Management Matters

How to Say “No” to an Employee Asking for a Raise

Date Posted: 11/12/2013

Most employees have a difficult time asking their bosses for a pay rise. So when they do ask for one, you need to be careful how you handle the situation especially when you have to say “no”.

A good hard working employee can react to a “NO” negatively, thinking that his or her work performance is not appreciated and therefore doesn’t deserve a raise.  How you say “no”, however, can make all the difference in whether an employee stays motivated or ends up looking for another job. Compensation issues are taken very personally by workers, so tread carefully.

Here are some ways that you can use to make saying “no” a little easier for the employee to understand and accept.

1.    LISTEN:  Let the person do the talking. Employees usually mention a number of reasons why they need or want a pay rise.  The usual reasons are that their personal expenses have increased; that they believe they deserve more money; that they think they are underpaid compared to others either in your company or at other similar companies; that newly added responsibilities warrant an increase.  By listening carefully and asking questions, you may even discover that salary isn’t really the issue.

2.    EVALUATE:  Now it’s time to assess if all the reasons raised are valid and determine if the employee really deserves a raise or not.  Each position in your company has a certain value, as determined by the marketplace.   An employee’s personal finances aren’t relevant nor is the employee’s performance, if the ceiling value of the person’s job responsibilities has been maximized.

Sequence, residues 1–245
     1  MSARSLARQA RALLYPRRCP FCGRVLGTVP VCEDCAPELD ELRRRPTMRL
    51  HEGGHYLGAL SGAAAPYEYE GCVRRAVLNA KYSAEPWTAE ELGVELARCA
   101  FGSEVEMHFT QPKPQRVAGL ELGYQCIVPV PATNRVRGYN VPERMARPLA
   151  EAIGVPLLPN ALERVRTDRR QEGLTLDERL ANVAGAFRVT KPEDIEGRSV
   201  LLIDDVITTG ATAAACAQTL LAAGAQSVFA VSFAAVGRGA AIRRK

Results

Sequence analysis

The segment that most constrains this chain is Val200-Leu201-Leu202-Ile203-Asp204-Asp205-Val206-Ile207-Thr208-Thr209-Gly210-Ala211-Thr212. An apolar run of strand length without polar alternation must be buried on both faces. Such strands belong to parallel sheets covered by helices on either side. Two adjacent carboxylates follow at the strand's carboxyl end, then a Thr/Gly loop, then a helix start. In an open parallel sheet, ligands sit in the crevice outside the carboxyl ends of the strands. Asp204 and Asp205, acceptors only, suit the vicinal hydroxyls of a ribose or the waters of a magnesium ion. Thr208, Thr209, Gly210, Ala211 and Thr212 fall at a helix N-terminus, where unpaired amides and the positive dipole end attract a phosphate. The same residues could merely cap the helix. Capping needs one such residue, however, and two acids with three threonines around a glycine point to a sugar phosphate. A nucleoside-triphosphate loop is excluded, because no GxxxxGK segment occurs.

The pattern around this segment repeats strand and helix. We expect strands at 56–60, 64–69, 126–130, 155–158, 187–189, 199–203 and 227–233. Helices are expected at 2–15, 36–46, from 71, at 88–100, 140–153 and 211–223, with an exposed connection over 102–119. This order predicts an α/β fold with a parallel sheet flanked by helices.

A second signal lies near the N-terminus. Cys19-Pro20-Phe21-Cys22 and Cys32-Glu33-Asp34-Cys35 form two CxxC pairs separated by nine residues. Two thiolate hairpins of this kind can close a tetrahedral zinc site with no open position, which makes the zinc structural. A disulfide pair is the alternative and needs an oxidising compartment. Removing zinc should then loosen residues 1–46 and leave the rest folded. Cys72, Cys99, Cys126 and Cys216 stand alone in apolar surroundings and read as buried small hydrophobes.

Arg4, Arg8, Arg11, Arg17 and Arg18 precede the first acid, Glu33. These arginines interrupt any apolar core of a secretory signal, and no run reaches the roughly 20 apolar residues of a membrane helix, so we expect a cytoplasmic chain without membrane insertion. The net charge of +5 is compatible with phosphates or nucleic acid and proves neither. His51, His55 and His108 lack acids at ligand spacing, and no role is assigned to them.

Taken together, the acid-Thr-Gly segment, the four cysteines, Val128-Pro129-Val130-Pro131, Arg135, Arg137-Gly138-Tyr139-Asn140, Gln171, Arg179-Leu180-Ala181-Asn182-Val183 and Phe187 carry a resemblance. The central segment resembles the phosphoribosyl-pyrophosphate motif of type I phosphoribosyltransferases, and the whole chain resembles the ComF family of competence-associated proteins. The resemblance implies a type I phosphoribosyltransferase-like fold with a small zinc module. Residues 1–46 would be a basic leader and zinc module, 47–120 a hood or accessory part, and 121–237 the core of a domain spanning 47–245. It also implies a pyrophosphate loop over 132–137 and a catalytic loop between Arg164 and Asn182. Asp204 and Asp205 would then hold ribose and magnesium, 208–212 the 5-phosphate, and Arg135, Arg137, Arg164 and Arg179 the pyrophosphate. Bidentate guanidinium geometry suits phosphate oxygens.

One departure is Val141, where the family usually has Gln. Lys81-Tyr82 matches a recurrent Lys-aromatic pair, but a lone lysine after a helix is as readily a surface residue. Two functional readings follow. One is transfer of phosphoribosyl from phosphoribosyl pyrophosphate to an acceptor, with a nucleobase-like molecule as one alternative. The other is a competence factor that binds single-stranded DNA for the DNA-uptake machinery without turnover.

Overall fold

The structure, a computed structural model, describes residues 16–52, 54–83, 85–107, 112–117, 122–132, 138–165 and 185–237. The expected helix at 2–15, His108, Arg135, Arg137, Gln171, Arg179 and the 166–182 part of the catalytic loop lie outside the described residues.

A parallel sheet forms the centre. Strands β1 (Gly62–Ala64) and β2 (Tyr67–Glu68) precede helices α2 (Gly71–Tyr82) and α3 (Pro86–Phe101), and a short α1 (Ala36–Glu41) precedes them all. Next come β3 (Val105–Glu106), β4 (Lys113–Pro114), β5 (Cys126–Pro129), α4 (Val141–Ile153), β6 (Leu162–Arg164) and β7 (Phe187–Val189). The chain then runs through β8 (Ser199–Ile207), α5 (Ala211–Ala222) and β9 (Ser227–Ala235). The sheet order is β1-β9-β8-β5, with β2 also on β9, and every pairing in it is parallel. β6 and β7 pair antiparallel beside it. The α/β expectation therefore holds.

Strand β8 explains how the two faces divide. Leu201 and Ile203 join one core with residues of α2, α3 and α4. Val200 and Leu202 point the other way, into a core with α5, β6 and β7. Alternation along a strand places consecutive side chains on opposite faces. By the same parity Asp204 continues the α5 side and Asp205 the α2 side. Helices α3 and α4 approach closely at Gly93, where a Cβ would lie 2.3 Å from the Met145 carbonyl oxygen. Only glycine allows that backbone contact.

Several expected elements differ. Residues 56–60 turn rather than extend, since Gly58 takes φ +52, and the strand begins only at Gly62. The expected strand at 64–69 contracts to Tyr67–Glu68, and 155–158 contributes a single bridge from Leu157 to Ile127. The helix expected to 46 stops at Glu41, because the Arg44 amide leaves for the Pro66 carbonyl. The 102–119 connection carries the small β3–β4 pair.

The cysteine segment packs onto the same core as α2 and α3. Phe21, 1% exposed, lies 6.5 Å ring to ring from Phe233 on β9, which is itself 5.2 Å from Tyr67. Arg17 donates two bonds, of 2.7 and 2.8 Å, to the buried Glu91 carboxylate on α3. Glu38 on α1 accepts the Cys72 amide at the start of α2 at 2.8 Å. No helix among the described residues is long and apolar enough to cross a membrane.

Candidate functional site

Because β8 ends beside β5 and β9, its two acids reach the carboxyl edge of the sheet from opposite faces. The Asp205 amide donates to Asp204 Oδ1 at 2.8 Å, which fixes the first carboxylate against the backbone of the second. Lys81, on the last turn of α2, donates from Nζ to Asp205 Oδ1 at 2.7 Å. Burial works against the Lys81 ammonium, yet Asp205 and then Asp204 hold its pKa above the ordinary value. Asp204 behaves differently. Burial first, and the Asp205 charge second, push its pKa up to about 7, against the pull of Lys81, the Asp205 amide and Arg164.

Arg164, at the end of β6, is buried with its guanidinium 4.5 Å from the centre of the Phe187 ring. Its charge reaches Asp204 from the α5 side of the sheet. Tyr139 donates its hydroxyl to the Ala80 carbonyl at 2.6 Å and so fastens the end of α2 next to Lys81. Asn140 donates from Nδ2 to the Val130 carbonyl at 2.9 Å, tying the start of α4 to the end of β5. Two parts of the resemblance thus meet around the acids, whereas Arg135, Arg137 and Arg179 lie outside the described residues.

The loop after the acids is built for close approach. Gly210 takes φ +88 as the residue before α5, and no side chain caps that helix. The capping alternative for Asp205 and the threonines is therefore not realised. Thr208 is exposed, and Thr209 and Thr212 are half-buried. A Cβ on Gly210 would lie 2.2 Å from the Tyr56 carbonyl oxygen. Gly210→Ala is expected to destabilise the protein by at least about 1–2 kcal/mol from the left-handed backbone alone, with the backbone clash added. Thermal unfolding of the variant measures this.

3.    EXPLAIN:  If you have to say “no”, then you need to explain the reason for your decision and give all the reasons why you’re saying no “for just now” and empathize with the person.  If you have a budget constraint, be frank.  But offer that you will be able to give the person an increase in the coming budget year.  Sell the power of your brand which, with their help and good work will allow them to earn much more in the future as the company increases its profits.  If you can’t give a raise maybe you can offer something else which can still make the employee feel appreciated, such as additional vacation days, giving an allowance or a bonus at the end of the year.

Remember that other employees gossip and if they see that you automatically grant increases whenever they are asked for, you will soon be in danger of setting a dangerous example.

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